Outgoing Amazon.com Inc. Chief Executive Jeff Bezos has some interesting parting shots in his last annual letter to shareholders. Employees, as well as customers, are the new obsession.
“Despite what we’ve accomplished, it’s clear to me that we need a better vision for our employees’ success,” Bezos said in the letter, released early Thursday. “We have always wanted to be Earth’s Most Customer-Centric Company. We won’t change that. It’s what got us here. But I am committing us to an addition. We are going to be Earth’s Best Employer and Earth’s Safest Place to Work.”
The e-commerce powerhouse
has famously held a core set of leadership principles, chief among them being “customer obsessed.” But it needs to focus on its 1.3 million employees, he acknowledged following last week’s union election vote at one of Amazon’s Alabama warehouses.
Although Amazon secured enough votes to defeat a historic unionization effort, it became clear to Bezos that “we need a better vision for how we create value for employees – a vision for their success,” said Bezos, who will step down as CEO in the third quarter. Andy Jassy, CEO of Amazon Web Services, will succeed Bezos, who will transition to executive chairman of Amazon’s board.
“In my upcoming role as Executive Chair, I’m going to focus on new initiatives,” Bezos wrote in the letter. “I’m an inventor. It’s what I enjoy the most and what I do best. It’s where I create the most value. I’m excited to work alongside the large team of passionate people we have in Ops and help invent in this arena of Earth’s Best Employer and Earth’s Safest Place to Work.”
Despite his vows to address employee concerns, Bezos rejected the notion that Amazon has a hostile work environment within its warehouses. “Our employees are sometimes accused of being desperate souls and treated as robots. That’s not accurate,” he said.
And to appease shareholders, Bezos assured them that the employee-first mantra will not compromise its relentless focus on customers. “Think of it this way,” he wrote. “If we can operate two businesses as different as consumer ecommerce and AWS, and do both at the highest level, we can certainly do the same with these two vision statements. In fact, I’m confident they will reinforce each other.”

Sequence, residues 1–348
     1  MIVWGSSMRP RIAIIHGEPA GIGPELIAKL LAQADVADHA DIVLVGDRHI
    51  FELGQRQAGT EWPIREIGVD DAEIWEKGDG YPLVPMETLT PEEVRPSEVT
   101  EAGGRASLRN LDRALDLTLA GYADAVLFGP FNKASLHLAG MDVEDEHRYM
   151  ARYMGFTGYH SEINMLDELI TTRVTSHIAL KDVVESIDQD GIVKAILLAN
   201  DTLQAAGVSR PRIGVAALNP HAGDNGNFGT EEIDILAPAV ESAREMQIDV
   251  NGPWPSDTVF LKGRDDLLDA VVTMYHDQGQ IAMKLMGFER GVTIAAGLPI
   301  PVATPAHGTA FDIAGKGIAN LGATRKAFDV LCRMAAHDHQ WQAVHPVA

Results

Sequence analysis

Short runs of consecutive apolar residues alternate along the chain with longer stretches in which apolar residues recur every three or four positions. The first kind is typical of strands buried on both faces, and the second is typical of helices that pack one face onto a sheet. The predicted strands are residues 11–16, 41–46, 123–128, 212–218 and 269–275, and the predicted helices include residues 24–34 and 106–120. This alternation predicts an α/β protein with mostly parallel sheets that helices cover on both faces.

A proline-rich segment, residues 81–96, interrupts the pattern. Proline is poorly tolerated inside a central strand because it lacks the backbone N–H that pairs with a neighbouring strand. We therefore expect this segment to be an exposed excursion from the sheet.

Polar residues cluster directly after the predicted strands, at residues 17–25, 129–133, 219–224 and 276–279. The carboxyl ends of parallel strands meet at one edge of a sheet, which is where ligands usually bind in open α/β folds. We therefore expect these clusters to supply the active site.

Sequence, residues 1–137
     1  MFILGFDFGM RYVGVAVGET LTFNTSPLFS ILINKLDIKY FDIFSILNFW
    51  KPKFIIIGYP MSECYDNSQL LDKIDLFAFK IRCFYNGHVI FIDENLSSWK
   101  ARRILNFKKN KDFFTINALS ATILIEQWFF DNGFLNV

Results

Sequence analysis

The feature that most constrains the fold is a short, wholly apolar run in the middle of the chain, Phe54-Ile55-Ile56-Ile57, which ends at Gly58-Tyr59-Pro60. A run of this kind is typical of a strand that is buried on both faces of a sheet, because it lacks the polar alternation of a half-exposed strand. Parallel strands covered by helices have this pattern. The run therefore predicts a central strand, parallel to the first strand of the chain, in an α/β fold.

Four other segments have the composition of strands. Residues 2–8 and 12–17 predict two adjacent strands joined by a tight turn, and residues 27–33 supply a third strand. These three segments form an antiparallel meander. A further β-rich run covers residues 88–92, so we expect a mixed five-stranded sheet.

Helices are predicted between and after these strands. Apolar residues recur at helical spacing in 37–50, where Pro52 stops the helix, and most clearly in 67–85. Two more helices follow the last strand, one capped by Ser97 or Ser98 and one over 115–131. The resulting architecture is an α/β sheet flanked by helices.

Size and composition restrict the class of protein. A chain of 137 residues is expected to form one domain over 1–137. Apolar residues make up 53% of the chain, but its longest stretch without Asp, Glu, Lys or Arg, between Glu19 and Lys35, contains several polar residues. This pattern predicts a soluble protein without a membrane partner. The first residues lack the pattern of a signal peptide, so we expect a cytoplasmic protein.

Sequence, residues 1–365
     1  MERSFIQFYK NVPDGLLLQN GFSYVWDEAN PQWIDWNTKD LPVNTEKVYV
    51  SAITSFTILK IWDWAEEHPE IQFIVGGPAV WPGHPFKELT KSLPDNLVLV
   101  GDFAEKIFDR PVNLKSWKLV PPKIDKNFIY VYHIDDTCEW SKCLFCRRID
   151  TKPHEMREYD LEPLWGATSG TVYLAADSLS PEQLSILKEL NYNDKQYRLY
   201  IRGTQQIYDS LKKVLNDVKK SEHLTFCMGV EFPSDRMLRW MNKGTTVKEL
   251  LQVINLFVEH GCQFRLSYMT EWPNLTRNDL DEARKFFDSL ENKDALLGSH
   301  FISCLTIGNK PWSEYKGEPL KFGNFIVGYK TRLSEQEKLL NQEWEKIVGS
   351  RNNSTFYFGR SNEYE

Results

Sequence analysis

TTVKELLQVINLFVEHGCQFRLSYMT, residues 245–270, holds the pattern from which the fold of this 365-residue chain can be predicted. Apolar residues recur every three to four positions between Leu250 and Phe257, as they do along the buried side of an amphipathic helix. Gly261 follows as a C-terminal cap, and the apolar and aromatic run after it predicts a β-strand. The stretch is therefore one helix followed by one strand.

To underscore his point, Bezos dropped the news that Amazon Prime membership has topped 200 million members.
Bezos’ annual assessment of the company he founded in 1994 has become a roadmap for where it is headed.
For more than 20 years, the annual letter offered a window into Bezos’s management philosophy — from disagreeing with employees but still backing their projects (2017) to disavowing “short-term profitability considerations or short-term Wall Street reaction” (1997).
Last year, Bezos pledged “regular” COVID-19 testing all of its employees, including those who weren’t showing any symptoms. “We have begun assembling the equipment we need to build our first lab and hope to start testing small numbers of our frontline employees soon,” Bezos wrote.
Some could be brutally blunt, such as Bezos’ conclusion in 2019 that “Third-party sellers are kicking our first party butt. Badly.” Or that could be illuminating, as in 2018 when he disclosed Prime membership totals for the first time. (More than 100 million.)